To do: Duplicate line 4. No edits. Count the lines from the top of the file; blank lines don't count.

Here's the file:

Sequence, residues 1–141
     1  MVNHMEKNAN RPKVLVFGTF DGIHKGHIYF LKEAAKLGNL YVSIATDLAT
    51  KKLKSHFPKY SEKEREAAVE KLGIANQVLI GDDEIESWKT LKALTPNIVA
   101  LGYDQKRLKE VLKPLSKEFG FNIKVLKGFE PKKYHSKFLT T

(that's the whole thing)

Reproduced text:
   101  LGYDQKRLKE VLKPLSKEFG FNIKVLKGFE PKKYHSKFLT T